One of the first processes started by the Notebook was looking at winning notebooks from last year, taking inspiration from those notebooks, and layering our own writing philosophy over them. Before any formal writing commenced, the team formulated a Table of Contents as a template to know what sections of the Notebook to focus on first. The core parts of the robot––the research paper team strategy, and robot components––received the most attention from the team. As we went into the actual writing, members of the notebook team continued to keep a tab on build team endeavors, making sure that what was written was up to date.
The marketing department is tasked with convincing the world that our company has created the best, most cost efficient product, worthy of investments. We’re responsible for knowing everything that went into the design and building of the product. Having a good grasp on the design and build process — the objective of the robot, different designs that were considered, and the reasons and the benefits of the final design — is one of the biggest parts of marketing. We cannot effectively push a product that we don’t understand, which is the other big part of our job. The department organizes community outreach events to publicize the robotics team and everything it has to offer, which, in turn, creates an interest and garners investments.
The marketing process starts with an understanding of the context of a product. This goes back to the idea that we can’t sell something we don’t understand. We must research the intended task for the robot, the demand for a robot with its specific functions, and open lines of communication with the other departments. The next step is to set up a timeline and plan when we are going to do what kind of outreach. For the final marketing presentation, the team must come up with the most effective way to communicate with and pitch to investors. The hardest part of the presentation is balancing information density with attention retainment. The presentation must be informative, but not boring. We look at what has and hasn’t worked and continuously edit our process to produce the most efficacious results: to bring in investments.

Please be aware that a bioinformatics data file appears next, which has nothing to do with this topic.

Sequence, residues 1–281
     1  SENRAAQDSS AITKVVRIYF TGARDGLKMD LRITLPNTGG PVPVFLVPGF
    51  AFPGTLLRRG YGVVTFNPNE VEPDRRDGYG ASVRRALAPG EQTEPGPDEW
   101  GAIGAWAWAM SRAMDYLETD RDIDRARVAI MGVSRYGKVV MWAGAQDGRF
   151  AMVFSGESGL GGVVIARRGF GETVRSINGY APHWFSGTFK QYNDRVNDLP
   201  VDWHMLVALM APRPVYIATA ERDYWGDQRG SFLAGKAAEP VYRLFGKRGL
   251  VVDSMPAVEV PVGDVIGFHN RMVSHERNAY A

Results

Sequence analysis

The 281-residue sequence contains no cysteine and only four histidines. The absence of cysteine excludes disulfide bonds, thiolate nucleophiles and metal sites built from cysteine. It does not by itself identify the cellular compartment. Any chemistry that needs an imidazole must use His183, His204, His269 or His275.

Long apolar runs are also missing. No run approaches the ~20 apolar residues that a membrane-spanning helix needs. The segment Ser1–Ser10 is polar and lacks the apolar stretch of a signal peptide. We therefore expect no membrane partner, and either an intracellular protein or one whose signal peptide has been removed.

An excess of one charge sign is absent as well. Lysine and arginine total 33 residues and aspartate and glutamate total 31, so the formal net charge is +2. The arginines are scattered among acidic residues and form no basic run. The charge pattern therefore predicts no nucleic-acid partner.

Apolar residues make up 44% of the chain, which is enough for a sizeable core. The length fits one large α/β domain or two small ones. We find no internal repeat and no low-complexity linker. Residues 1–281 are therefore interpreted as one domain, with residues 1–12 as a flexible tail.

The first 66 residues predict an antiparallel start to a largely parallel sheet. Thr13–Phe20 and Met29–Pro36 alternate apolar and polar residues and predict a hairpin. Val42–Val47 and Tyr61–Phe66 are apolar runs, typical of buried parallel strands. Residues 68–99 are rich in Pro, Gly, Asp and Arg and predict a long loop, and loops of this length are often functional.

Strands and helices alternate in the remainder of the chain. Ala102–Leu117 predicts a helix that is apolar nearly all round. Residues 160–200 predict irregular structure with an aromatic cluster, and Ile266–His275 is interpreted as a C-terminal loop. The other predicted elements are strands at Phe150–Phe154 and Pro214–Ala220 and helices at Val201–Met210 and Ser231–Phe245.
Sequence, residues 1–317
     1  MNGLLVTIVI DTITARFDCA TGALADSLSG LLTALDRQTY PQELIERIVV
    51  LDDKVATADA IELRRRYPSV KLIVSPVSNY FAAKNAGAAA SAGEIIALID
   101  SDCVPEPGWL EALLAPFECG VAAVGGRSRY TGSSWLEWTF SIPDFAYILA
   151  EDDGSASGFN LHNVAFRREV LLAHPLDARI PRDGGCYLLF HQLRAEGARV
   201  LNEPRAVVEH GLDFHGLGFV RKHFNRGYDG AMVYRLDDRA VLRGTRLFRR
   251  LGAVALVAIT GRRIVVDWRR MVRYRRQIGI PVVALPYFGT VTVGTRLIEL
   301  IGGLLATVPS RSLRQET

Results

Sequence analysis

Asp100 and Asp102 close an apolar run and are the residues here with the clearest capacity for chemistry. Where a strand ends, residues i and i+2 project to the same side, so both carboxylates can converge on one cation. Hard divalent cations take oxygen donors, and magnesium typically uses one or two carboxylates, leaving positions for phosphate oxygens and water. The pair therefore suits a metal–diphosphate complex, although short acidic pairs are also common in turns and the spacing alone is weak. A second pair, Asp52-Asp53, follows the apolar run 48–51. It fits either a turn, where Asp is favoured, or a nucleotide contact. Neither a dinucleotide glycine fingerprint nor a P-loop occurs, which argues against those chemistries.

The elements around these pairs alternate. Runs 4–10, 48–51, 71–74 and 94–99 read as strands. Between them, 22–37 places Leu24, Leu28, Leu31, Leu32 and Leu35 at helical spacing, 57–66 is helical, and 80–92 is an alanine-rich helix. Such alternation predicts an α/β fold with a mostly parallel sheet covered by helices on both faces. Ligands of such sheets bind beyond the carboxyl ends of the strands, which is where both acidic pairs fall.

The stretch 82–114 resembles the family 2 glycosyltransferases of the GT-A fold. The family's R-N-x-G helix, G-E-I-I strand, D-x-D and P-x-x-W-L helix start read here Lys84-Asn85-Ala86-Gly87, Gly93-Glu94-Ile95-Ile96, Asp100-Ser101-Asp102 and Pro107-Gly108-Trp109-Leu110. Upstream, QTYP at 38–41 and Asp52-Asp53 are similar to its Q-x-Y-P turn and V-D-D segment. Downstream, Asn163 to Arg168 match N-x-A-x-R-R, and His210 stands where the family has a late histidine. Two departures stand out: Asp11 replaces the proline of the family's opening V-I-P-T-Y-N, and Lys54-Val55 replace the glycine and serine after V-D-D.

Trade Show Exhibit
The booth team is in charge of creating an exhibit that presents all aspects of the robotics team to the community. The booth exemplifies the theme in a creative but practical way by showcasing our ideas for the problem at hand. We like to include a variety of media in the exhibit to try and showcase all of the achievements we have completed that year. Each year, we continue to improve our booth by adding materials and making the most out of what we have. This year, we were able to construct the booth completely out of wood which allowed us to implement new forms of showcasing our products. We were also able to reuse our materials from the robot to stay environmentally friendly.
The process for the booth begins before the season starts. Based on what we see in the preview we start to brainstorm potential ideas and start general things. After kickoff we had a week where we brainstorm, begin our plans for community outreach, and review our scoresheets from the previous year. During this week we also create a series of checklist through communicating on Slack breaking everything down into simple individual tasks. We then start research, and assign a few to work on immediate physical tasks such as painting. As the design process continues forward we have a final design that we reference as we paint and create other elements that are going to be part of the booth. We then finish and proofread the information and compile everything in the booth making minor adjustments based on creating a booth that is easy to move around in. We finish by practicing our presentation inside the booth.